Chief security officers (CSOs) should start their letter to Santa with a long list of “DON’Ts.” First of all, they should ask Santa not to bring too many cyber-attacks and seasonal hackings, so they can spend their holidays with their families, and not their servers.

CSOs should also ask Santa for no data leaks, no new zero-day vulnerabilities, no more encryption-related bugs, and no lost or stolen devices in the company.

CSOs should also wish that their non-technical colleagues choose stronger passwords, which will no longer be featured in the “top 10 scariest passwords of the year.”

Santa should also bring CSOs fewer infected USB devices, and not as many BYOD problems. Another Christmas wish could be an efficient and affordable enterprise security solution to allow CSOs a quiet holiday and a safe new year.

Orlando Scott-Cowley, cloud security expert at Mimecast

The one key present on the Christmas lists of CSOs will be the power to get instant buy-in from the board. For too long we’ve been learning how to get justification and budget for essential security projects. The time must come when the board start to take security more seriously and allocate budget based on risk, threat and potential damage; rather than red-lining new spending in these areas, or even worse, lumping them in with general IT spending. Getting buy in from the board require communication skills, careful forecasting, accurate budgeting and importantly buy-in from all other parts of the business. All of this continues to slow down the progress and impact a CSO can make, and take up their valuable time – especially when the threat to the business is only getting worse. CSOs should be concentrating on how to protect their assets, rather than working out how to play the political system internally. CSO have to fight their corner far too hard, and far too often – perhaps Santa could make their lives easier for them.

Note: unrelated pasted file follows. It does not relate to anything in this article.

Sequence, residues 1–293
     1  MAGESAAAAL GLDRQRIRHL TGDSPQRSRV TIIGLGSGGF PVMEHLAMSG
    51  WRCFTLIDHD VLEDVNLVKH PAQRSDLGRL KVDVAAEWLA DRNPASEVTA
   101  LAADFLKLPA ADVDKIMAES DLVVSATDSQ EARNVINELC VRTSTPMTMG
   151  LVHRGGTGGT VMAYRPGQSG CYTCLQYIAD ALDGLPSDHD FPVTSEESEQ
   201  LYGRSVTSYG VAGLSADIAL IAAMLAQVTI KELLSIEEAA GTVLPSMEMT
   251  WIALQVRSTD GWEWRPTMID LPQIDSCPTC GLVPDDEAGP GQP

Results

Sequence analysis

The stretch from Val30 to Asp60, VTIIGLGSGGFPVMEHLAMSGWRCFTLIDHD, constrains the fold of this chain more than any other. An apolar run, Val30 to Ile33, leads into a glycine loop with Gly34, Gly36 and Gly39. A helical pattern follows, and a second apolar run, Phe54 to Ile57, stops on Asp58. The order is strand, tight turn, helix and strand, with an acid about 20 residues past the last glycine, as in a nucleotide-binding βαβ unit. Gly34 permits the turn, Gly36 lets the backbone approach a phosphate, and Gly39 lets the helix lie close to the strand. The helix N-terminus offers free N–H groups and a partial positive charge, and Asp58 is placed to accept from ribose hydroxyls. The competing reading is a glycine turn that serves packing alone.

Wieland Alge, VP & GM of EMEA at Barracuda Networks

More firewalls. Why? Because when it comes to firewalls both quality and quantity is vitally important.

In order to do their job properly, the CSO also needs to know the business’ wider business objectives. With this they’re equipped with the information required to make the right security decisions.

The threat vectors the CSO must consider very much depend on the what, where and when nature of the attack surface. Exposure to the ‘bigger picture’ will enable them to explain the benefits and key requirements of a firewall to his/her CEO when building a case for the budget required to purchase it.

Today, a modern firewall within a business’ internal infrastructure, outer perimeter and cloud-based IT are a given. But, when it comes to overall network security it’s not just about having one quality firewall. In the case of the firewall, quantity is an extremely important factor to take into consideration.

James Leavesley, CEO of CrowdControlHQ